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CANADIAN ACADEMIC CRITICAL OF INTERNET GAMBLING
The Edmonton Sun carried an interesting article on Canadian online gambling this week, quoting extensively from the Lethbridge University academic Robert Williams, a name becoming synonymous with negative views on the subject.
The academician fears an onslaught of problem gambling in Canada as a result of the growing interest in Internet gaming, where he claims that accessibility and better payout rates due to lower overheads are attracting more punters.
Williams has carried out informative research and produced useful information, and this was showcased in the Edmonton Sun piece.
His claims that free-play results at online casinos are better than real-money gambling in order to deceptively entice players and take their money are arguable, but his studies have shown that underage gamblers use free-play facilities extensively, and then run into trouble when they reach gambling age and play for real money.
Half of North American high school and post-secondary students have played on free-play online gambling sites, he says his studies have shown, along with the interesting fact that in Canada the average monthly loss of individual Internet gamblers is $541 compared to an $82 loss for all gamblers.
Williams's estimate that worldwide revenues from online gambling will reach $20 billion in 2008 will raise eyebrows, but he claims that this is based upon his as yet unpublished report written in conjunction with the Ontario Problem Gambling Research Centre.
Canadian levels of problem gambling are around 3 percent, says Williams, but this is growing and the majority of online gambling revenue comes from this morally questionable source.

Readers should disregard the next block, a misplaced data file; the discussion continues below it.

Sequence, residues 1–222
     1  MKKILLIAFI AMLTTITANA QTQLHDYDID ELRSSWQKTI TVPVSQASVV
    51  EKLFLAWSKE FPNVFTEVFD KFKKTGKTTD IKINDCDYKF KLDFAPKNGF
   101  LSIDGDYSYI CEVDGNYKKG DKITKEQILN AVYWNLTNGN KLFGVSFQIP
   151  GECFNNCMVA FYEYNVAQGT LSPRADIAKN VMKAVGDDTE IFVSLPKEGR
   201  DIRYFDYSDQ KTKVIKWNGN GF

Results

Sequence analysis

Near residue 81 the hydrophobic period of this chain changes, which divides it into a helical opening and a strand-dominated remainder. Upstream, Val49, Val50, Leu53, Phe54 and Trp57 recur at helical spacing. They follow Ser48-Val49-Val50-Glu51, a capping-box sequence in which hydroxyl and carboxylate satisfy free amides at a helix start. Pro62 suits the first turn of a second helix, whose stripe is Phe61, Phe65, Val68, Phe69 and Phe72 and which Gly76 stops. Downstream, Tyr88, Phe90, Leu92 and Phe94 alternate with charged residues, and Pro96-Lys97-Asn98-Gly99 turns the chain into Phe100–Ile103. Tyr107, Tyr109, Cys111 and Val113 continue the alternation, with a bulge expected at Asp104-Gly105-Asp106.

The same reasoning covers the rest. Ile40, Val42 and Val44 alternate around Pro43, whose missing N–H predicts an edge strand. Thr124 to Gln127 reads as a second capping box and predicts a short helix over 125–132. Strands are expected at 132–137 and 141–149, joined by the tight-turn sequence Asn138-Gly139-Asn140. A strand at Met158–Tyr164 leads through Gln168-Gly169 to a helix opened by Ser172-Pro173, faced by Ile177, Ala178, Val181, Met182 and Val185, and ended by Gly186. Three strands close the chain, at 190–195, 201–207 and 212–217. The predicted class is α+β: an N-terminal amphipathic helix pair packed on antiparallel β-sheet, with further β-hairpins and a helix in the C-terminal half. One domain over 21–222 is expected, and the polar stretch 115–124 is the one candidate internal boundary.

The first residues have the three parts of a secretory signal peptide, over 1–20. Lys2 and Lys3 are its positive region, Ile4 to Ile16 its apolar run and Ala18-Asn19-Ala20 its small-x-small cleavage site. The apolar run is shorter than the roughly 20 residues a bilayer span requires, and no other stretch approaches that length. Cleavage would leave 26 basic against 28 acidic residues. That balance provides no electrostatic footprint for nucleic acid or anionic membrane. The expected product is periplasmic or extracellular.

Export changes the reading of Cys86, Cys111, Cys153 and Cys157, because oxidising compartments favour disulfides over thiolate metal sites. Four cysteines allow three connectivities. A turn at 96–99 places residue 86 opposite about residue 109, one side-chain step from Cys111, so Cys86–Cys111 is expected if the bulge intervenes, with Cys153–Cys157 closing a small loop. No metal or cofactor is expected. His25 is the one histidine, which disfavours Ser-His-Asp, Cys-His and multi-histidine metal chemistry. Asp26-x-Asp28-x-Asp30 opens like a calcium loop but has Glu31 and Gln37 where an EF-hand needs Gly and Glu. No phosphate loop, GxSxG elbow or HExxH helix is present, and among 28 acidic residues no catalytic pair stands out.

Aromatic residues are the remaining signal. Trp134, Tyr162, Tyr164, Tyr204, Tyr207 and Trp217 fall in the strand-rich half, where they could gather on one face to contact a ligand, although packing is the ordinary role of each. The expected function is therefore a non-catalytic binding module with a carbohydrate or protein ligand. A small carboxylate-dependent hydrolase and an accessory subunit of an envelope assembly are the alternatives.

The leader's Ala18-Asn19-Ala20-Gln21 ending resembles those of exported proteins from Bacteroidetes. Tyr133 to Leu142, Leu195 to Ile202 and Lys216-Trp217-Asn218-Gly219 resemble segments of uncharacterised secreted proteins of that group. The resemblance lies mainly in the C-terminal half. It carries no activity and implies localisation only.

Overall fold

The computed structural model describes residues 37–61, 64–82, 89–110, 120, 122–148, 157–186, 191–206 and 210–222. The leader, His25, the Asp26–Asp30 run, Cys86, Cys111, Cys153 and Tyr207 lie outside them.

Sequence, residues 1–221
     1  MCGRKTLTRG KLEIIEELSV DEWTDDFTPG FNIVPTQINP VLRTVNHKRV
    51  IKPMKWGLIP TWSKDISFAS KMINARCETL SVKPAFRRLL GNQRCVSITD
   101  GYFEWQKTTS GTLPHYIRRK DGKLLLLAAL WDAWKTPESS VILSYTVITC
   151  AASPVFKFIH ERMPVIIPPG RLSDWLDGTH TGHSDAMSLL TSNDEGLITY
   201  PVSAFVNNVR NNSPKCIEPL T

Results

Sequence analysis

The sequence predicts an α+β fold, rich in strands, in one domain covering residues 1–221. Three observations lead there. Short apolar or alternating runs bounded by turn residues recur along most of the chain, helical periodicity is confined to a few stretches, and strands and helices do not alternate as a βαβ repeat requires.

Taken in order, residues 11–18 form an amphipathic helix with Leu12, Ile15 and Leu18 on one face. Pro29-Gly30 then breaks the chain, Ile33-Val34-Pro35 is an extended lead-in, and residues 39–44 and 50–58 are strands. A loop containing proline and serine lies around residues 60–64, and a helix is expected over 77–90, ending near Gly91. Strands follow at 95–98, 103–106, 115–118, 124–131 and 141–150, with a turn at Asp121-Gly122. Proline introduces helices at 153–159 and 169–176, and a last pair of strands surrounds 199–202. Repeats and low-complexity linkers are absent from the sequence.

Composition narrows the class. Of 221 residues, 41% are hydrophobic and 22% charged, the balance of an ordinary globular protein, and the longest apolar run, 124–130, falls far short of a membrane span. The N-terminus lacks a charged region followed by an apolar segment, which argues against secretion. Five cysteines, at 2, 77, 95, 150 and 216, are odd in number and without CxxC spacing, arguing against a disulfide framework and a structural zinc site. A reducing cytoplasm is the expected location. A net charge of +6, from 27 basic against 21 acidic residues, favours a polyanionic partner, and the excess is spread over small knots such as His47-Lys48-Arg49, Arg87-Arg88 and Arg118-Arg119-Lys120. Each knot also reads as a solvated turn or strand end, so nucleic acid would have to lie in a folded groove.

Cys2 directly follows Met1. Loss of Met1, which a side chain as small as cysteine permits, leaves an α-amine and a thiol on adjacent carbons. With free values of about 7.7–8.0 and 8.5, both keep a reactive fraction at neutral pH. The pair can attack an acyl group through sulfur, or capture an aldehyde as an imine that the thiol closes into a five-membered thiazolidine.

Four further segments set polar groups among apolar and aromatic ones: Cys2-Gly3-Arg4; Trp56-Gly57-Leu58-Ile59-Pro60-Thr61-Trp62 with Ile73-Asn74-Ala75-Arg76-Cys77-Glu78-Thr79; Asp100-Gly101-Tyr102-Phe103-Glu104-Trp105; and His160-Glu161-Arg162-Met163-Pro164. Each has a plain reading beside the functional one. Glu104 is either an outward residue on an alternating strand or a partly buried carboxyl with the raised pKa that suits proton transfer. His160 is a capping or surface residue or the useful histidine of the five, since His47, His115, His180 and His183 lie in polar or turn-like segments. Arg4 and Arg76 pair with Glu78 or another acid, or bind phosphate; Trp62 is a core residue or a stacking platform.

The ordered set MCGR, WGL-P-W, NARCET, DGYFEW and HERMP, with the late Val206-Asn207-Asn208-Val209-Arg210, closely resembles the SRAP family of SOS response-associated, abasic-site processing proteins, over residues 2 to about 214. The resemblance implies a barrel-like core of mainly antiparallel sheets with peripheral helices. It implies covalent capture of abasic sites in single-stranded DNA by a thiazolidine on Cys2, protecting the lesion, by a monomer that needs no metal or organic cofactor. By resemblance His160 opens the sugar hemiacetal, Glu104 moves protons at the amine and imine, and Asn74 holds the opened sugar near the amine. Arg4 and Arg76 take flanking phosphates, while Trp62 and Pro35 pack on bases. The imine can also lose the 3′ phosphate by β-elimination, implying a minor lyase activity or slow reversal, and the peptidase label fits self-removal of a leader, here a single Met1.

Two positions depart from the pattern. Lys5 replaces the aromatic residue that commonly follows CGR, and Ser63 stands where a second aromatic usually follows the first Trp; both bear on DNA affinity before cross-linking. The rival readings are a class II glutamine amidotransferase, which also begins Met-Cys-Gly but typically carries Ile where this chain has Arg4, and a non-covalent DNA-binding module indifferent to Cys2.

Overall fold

The Kahnawake First Nation online gambling licensing jurisdiction near Montreal is mentioned prominently in the article, with Williams commenting that despite Canadian restrictions confining gambling to provincially approved operators, the enclave is host to some 300 to 400 Internet gambling websites.
"The Mohawks there are so militant in advancing their sovereignty issues and it's such a sensitive area for the Quebec government that they choose not to prosecute," Williams told the Edmonton Sun, pointing out that "ridiculously low" fees of $10 000 are charged, resulting in an offshore flow of "enormous" profits.
Other First Nation groups may also be quietly running Internet gambling sites, adds Williams. "My guess is some of them are operating but they're trying to be as low-key about it as they can because they know they'll get prosecuted if they become more public."
In fact, Canadians playing online poker could potentially be charged, since online gambling is supposed to be provincially regulated. But the law is unclear on whether it's illegal to bet on an online offshore site because of the jurisdictional issue, says Williams.
The academic is against further legalisation of Internet gambling in Canada, which he says is currently only offered provincially in the provinces of British Columbia and Atlantic Canada.
"The entire trend towards Internet gambling is a dangerous one," he says, noting that the rates of problem gambling are much higher with online games.
"No doubt (online gambling) is almost impossible to prohibit," he says. "But that doesn't mean you throw in the towel."
The Edmonton Sun writer offered a personal opinion: "I'd argue that if people are going to gamble anyway, it's better to regulate it carefully and reap the economic benefits while boosting services for problem gamblers. After all, the genie's out of the bottle."
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